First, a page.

The pursuers’ position was, in terms of section 3(2) of the 1940 Act, that the defenders, had they been sued, would have been liable in damages for the breach of duties owed to the pedestrians who were killed or injured in the fatal crash, and were therefore “liable” to contribute in such proportion as the court may deem just to the damages and expenses which the pursuers had to pay.
The pursuers claimed that the defenders, despite being aware of Mr Clarke’s previous fainting episode in April 2010, did not disclose that to the pursuers when they provided a written job reference to the council.
Although the reference document had been lost, it would have sought information to the effect that the employee was reliable, and in particular that there were no health issues which may affect his ability or suitability to be engaged in a driving job.
It was submitted that had the defenders provided accurate references then no offer of employment would have been made and the accident in December 2014 “would not have occurred”.
The two main issues for the court were whether it was necessary for a claim under the 1940 Act that both the pursuers and the defenders be under a duty of care to the injured person, and if so, whether the defenders owed a duty of care to the injured party.
The pursuers submitted that for the council to obtain a relief under section 3 they required to establish “negligence” on the part of the defenders, which could be either because the defenders were liable to the injured parties or because the defenders were liable to the pursuers.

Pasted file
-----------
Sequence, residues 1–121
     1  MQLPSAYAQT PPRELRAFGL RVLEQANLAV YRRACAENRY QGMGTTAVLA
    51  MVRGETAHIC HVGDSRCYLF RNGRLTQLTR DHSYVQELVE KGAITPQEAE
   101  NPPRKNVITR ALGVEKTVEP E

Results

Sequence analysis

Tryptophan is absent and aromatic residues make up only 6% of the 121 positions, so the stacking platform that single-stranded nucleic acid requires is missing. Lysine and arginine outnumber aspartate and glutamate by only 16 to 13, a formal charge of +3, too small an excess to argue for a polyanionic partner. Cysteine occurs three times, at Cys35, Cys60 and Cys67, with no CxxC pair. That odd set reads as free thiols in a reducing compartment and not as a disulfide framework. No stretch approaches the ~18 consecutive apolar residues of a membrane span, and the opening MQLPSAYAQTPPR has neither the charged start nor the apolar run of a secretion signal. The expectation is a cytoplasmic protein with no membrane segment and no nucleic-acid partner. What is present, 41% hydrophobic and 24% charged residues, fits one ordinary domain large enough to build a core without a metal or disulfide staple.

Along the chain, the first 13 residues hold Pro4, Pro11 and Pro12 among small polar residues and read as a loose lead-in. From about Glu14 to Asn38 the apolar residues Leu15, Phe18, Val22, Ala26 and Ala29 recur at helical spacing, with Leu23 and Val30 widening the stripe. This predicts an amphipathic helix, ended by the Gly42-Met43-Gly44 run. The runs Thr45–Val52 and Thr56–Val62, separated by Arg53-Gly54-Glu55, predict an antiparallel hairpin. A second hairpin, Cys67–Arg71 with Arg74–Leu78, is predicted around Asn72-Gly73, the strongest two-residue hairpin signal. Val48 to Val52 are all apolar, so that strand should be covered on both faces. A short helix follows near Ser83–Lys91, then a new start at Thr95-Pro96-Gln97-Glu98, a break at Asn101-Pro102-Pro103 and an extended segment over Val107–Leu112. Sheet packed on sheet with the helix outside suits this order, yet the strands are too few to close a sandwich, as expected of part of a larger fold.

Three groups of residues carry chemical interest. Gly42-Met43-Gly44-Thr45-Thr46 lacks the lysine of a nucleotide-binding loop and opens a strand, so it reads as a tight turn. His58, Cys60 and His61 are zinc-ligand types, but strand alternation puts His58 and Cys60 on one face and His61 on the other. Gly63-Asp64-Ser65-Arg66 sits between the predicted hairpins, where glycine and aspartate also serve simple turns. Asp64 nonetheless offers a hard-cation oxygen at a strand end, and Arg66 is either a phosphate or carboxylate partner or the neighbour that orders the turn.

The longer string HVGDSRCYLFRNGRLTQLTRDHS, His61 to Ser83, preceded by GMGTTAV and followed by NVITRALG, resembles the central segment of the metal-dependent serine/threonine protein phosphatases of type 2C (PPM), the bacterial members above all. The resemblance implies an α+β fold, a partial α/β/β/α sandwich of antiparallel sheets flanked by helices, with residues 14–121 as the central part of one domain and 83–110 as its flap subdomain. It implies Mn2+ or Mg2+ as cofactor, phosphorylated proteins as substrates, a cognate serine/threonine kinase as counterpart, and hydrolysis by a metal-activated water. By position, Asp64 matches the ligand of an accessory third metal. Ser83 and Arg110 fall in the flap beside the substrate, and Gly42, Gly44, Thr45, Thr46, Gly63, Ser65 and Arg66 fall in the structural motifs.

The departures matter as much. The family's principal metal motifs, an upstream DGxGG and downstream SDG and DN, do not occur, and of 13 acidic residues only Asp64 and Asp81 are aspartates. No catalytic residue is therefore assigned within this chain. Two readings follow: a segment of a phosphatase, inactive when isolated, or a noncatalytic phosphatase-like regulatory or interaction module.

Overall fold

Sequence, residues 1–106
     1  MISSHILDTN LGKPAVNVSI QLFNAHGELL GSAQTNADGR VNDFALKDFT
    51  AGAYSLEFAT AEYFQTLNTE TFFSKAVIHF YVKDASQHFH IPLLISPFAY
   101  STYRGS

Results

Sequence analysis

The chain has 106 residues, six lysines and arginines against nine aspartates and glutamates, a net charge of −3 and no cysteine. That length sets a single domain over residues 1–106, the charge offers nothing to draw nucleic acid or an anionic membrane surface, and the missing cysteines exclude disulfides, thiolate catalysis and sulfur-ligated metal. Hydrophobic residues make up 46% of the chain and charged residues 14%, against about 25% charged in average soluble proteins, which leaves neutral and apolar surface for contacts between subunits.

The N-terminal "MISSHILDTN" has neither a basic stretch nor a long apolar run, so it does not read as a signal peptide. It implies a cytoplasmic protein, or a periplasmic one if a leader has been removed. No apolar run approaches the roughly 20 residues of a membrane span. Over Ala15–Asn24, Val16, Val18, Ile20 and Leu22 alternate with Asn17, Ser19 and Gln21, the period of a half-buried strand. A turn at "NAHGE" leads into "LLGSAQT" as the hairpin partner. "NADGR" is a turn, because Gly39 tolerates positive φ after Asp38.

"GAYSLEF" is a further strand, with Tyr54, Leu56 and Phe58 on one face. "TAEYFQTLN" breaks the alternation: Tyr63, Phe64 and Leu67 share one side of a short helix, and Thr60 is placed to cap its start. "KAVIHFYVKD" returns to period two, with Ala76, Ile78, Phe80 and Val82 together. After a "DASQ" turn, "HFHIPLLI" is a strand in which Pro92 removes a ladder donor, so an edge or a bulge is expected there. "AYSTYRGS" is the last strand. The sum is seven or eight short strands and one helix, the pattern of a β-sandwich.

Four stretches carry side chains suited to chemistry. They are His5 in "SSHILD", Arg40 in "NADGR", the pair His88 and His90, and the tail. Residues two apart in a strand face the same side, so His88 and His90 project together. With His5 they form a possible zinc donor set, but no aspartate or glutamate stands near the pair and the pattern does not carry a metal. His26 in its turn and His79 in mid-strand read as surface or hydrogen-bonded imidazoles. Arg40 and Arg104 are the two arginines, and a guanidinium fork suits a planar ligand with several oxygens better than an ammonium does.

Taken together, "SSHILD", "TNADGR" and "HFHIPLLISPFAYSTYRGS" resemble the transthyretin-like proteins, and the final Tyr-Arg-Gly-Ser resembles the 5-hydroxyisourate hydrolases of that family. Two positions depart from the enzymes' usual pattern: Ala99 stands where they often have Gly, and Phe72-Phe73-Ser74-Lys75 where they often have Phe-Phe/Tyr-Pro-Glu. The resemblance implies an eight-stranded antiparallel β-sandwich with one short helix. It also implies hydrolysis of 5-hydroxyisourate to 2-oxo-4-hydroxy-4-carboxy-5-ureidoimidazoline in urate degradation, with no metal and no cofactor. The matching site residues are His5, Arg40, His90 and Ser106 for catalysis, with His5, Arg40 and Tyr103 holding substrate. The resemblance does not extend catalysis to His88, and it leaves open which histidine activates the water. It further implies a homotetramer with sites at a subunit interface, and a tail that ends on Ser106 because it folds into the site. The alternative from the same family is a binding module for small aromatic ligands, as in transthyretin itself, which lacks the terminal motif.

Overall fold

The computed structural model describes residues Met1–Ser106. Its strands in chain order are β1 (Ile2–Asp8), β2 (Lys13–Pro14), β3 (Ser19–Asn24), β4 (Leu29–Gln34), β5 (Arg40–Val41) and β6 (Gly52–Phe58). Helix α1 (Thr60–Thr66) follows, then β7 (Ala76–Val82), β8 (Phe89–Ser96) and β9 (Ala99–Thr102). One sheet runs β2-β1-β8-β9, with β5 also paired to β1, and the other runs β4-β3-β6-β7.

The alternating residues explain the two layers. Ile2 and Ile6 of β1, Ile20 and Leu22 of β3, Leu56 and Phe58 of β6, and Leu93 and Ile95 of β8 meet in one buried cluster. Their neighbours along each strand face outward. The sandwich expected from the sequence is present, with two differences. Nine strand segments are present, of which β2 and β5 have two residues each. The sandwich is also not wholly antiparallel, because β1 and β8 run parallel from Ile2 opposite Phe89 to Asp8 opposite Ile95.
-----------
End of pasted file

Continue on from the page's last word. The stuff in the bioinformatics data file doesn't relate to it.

It was argued that subsection (2) should be read as a “standalone provision” which entitled the pursuers to make a direct case against the defenders.
But the defenders submitted that the claim under the 1940 Act was “irrelevant”, as both parties required to be under a relevant duty to the injured person.
It was argued that the pleadings did not set up any relevant suggestion that, when giving the alleged reference in which the claim was predicated, the defenders owed a duty of care to those victims - which in the present circumstances would amount to “a duty of care to the entire population of and any visitors to Glasgow at any point during the working life of Mr Clarke”.
‘No duty of care’
Dismissing the action, the judge ruled that it would not be “just, fair and reasonable” to impose a duty of care on the defenders in the circumstances of the case.
In a written opinion, Lord Ericht said: “In my opinion for the 1940 Act to apply both parties must be liable to the injured person. The purpose of section 3 is to apportion liability between joint wrongdoers so that each wrongdoer pays a share of the damages. It permits one wrongdoer who has paid out in full to recover an appropriate proportion from another wrongdoer.